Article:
Thousands of drivers are set to be slapped with £100 fines and penalty points against their license for ignoring warning signs on smart motorways.
The new technology will allow police to use traffic cameras to penalise motorists who don’t abide with the lane closures on 300 miles of the network.
New rules under the Road Traffic Offenders Order 2019 will come into effect from June 10 and Highways England have insisted that cameras won’t be used to penalise drivers until ‘late summer’ to allow for testing.
The Home Office has been criticised for a delay in authorising cameras which will detect drivers swerving around breakdowns and accidents, leading to fines – as it was thought the new process would have been implemented 12 months ago.
New rules under the Road Traffic Offenders Order 2019 will come into effect from June 10 and Highways England have insisted that cameras won’t be used to penalise drivers until ‘late summer’ (stock image of speed cameras)
Smart motorways controversially operate without a hard shoulder and at present use red ‘X’ warnings on overhead gantries to close lanes, which can indicate stranded vehicles in the road ahead.
The fear, is that too many drivers are ignoring the signs and swerving around incidents, therefore risking a crash.
The present system means that Highways England issues written warnings to drivers pictured ignoring the red X.
According to The Times, more than 180,000 letters have been sent since the start of 2017, which tots up to almost 1,500 a week.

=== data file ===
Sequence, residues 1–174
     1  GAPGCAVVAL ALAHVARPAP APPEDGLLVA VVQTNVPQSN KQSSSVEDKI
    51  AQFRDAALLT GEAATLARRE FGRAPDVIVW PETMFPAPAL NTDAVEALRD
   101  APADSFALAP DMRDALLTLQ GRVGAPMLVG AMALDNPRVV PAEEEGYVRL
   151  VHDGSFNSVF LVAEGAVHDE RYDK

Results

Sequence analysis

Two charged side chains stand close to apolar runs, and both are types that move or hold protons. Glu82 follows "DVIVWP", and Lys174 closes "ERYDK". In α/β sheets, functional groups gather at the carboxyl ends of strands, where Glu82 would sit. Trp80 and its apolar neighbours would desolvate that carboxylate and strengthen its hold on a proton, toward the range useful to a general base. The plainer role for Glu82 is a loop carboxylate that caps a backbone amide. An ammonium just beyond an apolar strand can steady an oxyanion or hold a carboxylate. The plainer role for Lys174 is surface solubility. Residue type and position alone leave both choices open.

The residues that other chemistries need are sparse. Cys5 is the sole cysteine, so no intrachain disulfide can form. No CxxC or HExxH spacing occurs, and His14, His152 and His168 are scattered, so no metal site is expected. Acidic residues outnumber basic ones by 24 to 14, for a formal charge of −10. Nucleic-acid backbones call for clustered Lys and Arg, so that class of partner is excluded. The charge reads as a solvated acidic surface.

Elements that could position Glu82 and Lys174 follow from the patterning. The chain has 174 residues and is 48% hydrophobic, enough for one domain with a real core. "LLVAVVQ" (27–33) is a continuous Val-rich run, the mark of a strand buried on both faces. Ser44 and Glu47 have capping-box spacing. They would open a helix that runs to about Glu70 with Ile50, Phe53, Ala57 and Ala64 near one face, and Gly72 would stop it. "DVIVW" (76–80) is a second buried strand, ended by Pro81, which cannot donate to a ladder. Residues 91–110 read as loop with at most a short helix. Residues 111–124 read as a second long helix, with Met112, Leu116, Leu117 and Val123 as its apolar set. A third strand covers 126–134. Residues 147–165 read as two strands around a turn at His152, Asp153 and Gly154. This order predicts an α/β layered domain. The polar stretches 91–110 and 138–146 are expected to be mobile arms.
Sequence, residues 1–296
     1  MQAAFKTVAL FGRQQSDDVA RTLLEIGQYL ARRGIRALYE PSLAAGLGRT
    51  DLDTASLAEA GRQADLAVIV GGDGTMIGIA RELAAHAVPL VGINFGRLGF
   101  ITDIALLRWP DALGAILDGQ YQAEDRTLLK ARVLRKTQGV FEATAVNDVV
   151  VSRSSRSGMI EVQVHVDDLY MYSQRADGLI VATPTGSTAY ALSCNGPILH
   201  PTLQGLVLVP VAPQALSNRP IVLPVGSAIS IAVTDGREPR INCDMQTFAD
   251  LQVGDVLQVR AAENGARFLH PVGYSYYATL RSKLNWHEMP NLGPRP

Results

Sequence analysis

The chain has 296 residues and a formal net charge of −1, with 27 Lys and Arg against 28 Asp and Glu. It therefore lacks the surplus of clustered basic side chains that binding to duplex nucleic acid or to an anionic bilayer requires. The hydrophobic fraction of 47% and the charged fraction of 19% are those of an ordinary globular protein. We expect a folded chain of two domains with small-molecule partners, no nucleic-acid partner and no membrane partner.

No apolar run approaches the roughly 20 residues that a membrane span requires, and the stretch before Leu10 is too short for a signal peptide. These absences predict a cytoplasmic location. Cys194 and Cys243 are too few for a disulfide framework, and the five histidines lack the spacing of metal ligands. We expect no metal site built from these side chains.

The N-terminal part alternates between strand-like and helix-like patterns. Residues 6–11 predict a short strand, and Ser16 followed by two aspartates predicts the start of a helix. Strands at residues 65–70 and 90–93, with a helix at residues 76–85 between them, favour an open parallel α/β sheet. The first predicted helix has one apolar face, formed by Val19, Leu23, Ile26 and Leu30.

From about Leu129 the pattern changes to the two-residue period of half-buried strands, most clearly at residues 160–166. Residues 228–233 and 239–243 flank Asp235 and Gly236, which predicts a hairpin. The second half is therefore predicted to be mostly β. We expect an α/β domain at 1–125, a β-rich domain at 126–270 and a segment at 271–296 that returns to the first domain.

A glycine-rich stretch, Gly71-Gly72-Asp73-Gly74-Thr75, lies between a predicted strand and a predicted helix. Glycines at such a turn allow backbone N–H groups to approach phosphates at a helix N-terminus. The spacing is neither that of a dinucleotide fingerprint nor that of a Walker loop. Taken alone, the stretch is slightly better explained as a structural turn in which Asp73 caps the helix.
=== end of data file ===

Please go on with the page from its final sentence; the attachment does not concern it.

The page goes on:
The Home Office has approved the use of cameras to fine the motorists. It signed off the legislation last week which will allow gantry-mounted cameras to issue fixed penalties to motorists who ignore lane closures of illegally drive on the hard shoulders.
This system is used on motorways including the M1, M4, M6, M25 and M62
Police forces will obtain data directly from cameras, allowing them to give drivers fines of £100 with three penalty points. In the past, drivers could only be fined if they were seen to be breaking the rules by traffic officers.
The change has been implemented amid safety concerns on smart motorways, where the hard shoulder is removed to create extra capacity and lay-bys are positioned up to 1.5 miles apart for drivers to pull off the road.
This system is used on motorways including the M1, M4, M6, M25 and M62.
Edmund King, president of the AA, said: ‘Although it has taken far too long, this is a welcome measure to improve safety on motorways.’
He said the red X is put up to warn of an obstruction, so drivers must get out of the lane when they see them.
‘We have had several incidents recently where AA members’ cars have been hit in a live lane on smart motorways.’
Despite the technology being implemented, a tolerance will be built into the camera system to take account of drivers who pass under a gantry just as a red X has been displayed.
Highways England’s executive director for safety, Mike Wilson, said: ‘Our motorways are already among the safest in the world but this move will make them even safer. Red X signs over closed lanes help protect drivers from dangers ahead.
‘Most drivers comply with lane closures, but the minority of people who don’t are putting themselves and other road users at real risk. We welcome this auto-enforcement and the increase to driver safety it will bring.’
Across the UK, the smart motorway network covers 416 miles of motorway, or 208 miles in each direction. Highways England said red X signs were used on 297 miles.
Last months it was revealed that Highways England planned to almost double the length of the network to 788 miles by 2025.
MailOnline has contacted the Home Office.